Sweat broke out on my brow . . .

. . . a few deep slow breaths.

Okay, I'm better now. It was a crazy idea. However, I've been known to follow though with crazy ideas. They turn out well more often than one would suppose.

However, my wife and really don't want to disappear on a world cruise right yet. If someday that's what we really want to do, we'll find a way to make it happen.

As for now, I like having my local credit union hold what's left of my mortgage. It's not a huge debt, and there's hope of actually owning the place outright before I'm 104 years old. We've ties to the area, family and friends. Most importantly, I like where I live. My house is my home, not a super sized ATM machine.

Still, they shouldn't tempt me like that . . .


Saturday, September 18, 2010

Water Test

One of my daughters nagged me to get my well water tested. It was tested years ago, was fine, so I forgot about it. She kept on my case about it and even dropped off a testing kit from the state lab. Finally, to shut her up, I sent samples to be tested.

The state sent me a quick reply that there was bacteria in the water and the well should be sterilized. I felt pretty silly about that. Went right out and bought a jug of bleach to do the job. Pumped out the well this morning and bleached the heck out of it. Ran bleach water through all the plumbing and let it set for the day. Added a filter for drinking water. It'll be days before all the bleach is flushed out of the system.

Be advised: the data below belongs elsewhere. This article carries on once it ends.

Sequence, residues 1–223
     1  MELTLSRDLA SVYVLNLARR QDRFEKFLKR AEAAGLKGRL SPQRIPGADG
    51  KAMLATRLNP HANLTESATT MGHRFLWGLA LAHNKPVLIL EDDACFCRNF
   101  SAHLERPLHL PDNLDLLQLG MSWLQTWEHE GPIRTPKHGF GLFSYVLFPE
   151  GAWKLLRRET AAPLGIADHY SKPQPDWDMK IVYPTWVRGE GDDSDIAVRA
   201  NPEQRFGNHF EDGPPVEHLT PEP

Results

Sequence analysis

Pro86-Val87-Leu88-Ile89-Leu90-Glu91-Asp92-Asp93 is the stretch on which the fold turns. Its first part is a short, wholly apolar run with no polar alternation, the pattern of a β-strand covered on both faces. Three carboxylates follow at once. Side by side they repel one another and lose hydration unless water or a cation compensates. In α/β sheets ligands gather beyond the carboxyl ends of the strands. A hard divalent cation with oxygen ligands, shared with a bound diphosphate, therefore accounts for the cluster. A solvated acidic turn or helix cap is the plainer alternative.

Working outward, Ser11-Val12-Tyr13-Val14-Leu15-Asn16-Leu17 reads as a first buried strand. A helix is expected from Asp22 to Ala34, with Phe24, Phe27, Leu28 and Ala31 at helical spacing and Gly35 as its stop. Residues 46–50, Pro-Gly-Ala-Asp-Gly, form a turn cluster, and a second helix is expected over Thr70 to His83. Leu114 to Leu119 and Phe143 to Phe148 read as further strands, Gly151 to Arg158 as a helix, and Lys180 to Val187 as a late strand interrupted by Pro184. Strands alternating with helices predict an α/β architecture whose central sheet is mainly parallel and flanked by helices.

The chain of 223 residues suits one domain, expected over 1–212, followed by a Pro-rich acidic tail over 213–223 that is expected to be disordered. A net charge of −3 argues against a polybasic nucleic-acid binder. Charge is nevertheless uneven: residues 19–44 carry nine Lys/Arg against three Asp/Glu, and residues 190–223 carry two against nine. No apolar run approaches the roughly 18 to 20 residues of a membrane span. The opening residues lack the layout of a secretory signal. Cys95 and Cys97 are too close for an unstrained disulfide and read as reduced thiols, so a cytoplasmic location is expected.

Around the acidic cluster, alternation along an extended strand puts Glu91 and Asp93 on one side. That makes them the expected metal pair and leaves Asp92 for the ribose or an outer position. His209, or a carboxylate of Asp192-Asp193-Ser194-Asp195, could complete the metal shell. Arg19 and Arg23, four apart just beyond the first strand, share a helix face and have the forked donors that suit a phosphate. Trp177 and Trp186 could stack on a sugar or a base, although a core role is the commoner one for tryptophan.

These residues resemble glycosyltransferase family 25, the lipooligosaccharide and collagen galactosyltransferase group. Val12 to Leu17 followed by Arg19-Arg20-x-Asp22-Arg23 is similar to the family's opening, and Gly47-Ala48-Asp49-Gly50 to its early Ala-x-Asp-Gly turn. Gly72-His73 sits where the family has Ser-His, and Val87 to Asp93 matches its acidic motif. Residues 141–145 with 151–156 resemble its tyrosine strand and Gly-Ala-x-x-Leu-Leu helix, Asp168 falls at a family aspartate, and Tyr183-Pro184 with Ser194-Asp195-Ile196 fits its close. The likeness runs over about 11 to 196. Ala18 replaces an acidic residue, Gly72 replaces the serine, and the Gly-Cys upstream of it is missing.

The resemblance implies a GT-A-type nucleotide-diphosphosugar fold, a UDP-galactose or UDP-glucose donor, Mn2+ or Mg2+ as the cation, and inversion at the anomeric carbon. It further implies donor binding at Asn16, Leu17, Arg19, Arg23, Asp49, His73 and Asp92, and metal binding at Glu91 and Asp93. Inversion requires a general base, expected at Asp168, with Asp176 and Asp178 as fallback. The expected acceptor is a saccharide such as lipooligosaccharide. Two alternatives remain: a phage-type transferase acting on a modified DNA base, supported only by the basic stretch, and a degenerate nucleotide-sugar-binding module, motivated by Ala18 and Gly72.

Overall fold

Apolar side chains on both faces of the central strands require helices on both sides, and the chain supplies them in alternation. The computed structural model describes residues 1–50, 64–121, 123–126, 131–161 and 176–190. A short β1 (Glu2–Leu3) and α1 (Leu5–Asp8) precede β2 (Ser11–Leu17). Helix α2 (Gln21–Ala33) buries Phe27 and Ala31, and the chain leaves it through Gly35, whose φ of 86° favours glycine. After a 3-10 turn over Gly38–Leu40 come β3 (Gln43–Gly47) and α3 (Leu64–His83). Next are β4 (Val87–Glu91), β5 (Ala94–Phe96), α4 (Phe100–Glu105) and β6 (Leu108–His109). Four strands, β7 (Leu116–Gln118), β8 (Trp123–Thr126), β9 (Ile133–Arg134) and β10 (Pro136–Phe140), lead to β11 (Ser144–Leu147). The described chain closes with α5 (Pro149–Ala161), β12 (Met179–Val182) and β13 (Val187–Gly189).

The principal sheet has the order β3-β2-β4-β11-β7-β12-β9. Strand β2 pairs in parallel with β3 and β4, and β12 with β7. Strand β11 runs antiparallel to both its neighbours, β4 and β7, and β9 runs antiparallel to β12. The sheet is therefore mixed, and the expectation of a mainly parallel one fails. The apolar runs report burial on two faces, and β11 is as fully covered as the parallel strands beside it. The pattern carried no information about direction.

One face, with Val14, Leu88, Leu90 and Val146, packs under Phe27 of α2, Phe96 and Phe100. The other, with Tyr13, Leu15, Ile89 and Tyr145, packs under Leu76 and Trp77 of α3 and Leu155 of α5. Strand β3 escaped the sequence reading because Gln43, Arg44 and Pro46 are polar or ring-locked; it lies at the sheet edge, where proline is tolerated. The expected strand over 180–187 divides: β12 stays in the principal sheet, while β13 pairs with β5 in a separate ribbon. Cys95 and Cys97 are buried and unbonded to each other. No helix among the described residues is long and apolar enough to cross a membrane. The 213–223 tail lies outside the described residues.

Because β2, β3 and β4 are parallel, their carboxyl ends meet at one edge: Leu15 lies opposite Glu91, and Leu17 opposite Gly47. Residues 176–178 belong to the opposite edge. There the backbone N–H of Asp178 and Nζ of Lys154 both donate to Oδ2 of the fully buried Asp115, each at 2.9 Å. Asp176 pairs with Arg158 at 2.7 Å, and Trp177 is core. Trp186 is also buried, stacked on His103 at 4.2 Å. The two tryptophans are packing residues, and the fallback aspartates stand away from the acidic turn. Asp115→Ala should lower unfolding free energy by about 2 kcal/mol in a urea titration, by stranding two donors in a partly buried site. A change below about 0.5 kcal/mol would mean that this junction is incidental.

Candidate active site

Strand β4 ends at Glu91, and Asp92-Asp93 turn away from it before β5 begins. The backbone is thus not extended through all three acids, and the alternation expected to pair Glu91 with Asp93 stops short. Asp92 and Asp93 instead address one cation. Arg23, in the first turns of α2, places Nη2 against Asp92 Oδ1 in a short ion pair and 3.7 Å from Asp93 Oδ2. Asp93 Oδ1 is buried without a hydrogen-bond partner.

There's a lesson for me here. I shouldn't take something like that for granted. Doesn't matter that year after year the well tested fine. Sometimes things change. I used to sterilize the well every spring. Since the well always tested fine before, I got out of the habit. Also never liked the bleach smell that took a few days to clear.

Now it wasn't a serious problem. No one's been getting sick from it. However, it wasn't going to get better on it's own. What contaminated the well? I don't really know. It could be surface water from a heavy rain. That would be my guess.

From now on, I'm not going to take my well for granted. Spring bleaching and regular water testing is back on the schedule.


Friday, September 17, 2010

Provisional Yippee

We won't know for sure until we get an official letter in the mail, but it looks like my wife's long struggle against Social Security has been won.

Now I know that Social Security is in big trouble. Can't see how payments will ever keep up with inflation. That's a mid to long term issue. In the short term, we'll be able to catch up the taxes. Also hope to eliminate a bit of debt we picked up from a previous emergency. You know those emergency funds people are supposed to have? Well, once those are gone, it doesn't mean the emergencies stop.

The good news, is that except for property taxes, all other bills have been getting paid. Not bad, considering how we took a good 50% drop in household income. Preps helped out a fair bit. Dipped into the food storage as needed. Although, even that's not in bad shape. I had a little bonus money last month that allowed me to restock a bit. I have made some partial payments on the property taxes. We are in no danger of the house go up for auction or anything like that.

In the short term, we plan on knocking down debt. Might get a new kitchen woodstove -something more efficient that doesn't go through as much wood and holds a fire better. That'll save me work later as I'll need to gather less firewood. I can plan now for being lazy later.